Viva Ristorante - Hong Kong

Candy says,

It was Ash Wednesday in a foreign city and our first priority was to find a church.  We had no idea what we were going to do for supper.

As we walked down towards the MTR, on our way back,  I said to John "take me somewhere Italian" and at that moment we passed a restaurant only to find that it was,  amazingly enough, an Italian Restaurant.

It was a small place seating only about 12 people inside and about 8 outside but the music and the ambience was appealing so we decided to give it a try.

First to arrive was a bread basket along with ample supplies of olive oil and a good balsamic vinegar.  We ordered a bottle of Italian red wine.  It was really good but very pricey.  I had to use both hands to lift the glass as the wine was served in brandy snifters which were difficult to handle with one hand especially after dipping your bread in the Evoo.

Next we ordered the tomato and lemon soup.  It was a perfect blend of tomato, lemon and basil,  divinely delicious.  By then our bread basket was empty and they brought us another.  Next we shared a Margherita Pizza with thin crust, just the way we like it.

John being a sweet tooth, there always has to be dessert, so we ended off the evening with home-made Tiramusu and cappuccino's.  Even my no-fun one (decaf) was good, but the Tiramisu was disappointing.

Our bill was over R700, which in my humble opinion, was far too much.  I think what redeemed them was, the very homey feeling of the place and the friendly interaction and attentiveness of the staff.

I would give this restaurant a 7 out of 10.

A better aproach to wine

Avondale owner and winemaker Johnathan Grieve is not an accountant. Although he has been making wines for over twelve years, he received his training in fine arts, and this has made all the difference to his business.

Grieve approaches viniculture with a holistic vision, and while he is no doubt a savvy entrepreneur who is in business to make money, he has broken away from conventional methods and refuses to grow his bottom line by treating the process of winemaking as a profit-at-all-costs venture.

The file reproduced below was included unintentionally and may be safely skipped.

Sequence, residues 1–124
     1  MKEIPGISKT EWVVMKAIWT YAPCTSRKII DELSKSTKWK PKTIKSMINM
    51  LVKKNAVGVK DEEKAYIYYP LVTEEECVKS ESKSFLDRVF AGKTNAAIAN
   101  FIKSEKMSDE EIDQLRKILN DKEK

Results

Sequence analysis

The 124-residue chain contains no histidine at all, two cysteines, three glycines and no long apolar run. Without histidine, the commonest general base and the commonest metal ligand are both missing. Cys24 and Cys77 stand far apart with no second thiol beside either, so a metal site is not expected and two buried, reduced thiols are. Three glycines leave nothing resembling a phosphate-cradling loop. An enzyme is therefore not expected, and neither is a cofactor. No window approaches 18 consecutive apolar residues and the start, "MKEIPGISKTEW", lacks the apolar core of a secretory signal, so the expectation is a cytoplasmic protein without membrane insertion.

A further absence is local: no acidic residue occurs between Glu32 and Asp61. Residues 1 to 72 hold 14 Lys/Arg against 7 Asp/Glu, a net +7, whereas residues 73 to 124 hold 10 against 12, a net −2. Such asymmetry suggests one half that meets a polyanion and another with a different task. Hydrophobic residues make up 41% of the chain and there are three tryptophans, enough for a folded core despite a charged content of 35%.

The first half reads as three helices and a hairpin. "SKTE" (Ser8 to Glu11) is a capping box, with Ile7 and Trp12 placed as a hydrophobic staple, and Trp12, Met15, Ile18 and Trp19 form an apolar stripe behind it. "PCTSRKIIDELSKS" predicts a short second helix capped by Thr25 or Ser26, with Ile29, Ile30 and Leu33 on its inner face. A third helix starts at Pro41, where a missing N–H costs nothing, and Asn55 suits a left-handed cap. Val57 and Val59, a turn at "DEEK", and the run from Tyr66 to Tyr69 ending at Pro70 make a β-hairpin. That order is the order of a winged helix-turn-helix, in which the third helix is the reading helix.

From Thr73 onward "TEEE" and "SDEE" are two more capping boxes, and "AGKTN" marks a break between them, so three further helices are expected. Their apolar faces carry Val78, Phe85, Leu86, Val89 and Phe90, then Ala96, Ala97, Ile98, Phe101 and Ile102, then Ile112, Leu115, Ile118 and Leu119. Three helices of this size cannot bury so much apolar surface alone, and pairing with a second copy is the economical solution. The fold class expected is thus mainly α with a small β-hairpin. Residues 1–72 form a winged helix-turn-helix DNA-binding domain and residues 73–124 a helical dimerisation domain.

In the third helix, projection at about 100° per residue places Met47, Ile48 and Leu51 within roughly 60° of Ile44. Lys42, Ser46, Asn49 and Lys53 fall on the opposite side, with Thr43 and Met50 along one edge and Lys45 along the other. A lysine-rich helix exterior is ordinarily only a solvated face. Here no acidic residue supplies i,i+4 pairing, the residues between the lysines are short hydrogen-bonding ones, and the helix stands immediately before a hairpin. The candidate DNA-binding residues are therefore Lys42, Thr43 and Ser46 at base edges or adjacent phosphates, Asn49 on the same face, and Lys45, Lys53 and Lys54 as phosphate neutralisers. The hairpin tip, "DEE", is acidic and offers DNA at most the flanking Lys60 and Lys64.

He says modern wine-making has in many ways become purely chemical-driven, with huge amounts of fertilizers, soil conditioners, pesticides and commercial yeasts involved in creating the product. When he joined Avondale in 1999, it was a “chemical abuse” farm suffering from years of commercially-accepted agricultural practices.

He set about turning the farm into a truly green operation using USDA and European Union quality standards, which are based on measurable attributes that describe the value and utility of the product. “This is not just about replacing each chemical practice with an organic one, it is redesigning the agricultural process in its entirety,” says Grieve, noting that he views the development of the farm as an ongoing process.

Avondale covers about 100 hectares and has been broken down into 1-hectare plots that are each managed separately. Moisture sensors and drip systems mete out just the right amount of irrigation for each plot. Habitats for natural predators of vine pests are located on some of the plots, at the same time forming green barriers that keep the soil, flora and fauna healthy. 

Trained ducks keep the vines free of snails, which form part of their natural diet. They spend part of their time in a ‘bunkhouse’ located near the vineyard and happily waddle aboard a large tractor-driven trailer that transports them to the vineyard, where they spend part of the day pruning the gastropods from the plants.

“Once the ducklings recognize that the sound of the tractor means food, they quickly and happily will board the trailer. It takes only about two to three days to teach them to walk the ramp into the trailer,” says Grieve.

Grieve says he soon realized that spraying pesticides and herbicides was a continuous battle, one that did not bring many victories.  “Nothing is completely eliminated from the farm,” he says, adding that all the processes on the farm focus on natural control of the environment.

Under this system weeds replace fertilizers and supplements. Grieve says these cover crops help fine tune the soil for each plot and have a symbiotic relationship with the vines. The vines feed the weeds, which in turn create nutrients for the soil and vines.

The process continues after the grapes are harvested, where bag presses replace steel screws and gravity fed systems eliminate powered pumps. Avondale’s wine-maker, Corne Marais, employs only natural yeast fermentation and does not add enzymes, catalysing agents or softeners in the production process.  The wines are matured slowly – months more than on the majority of commercial wine farms – before finally being presented to customers.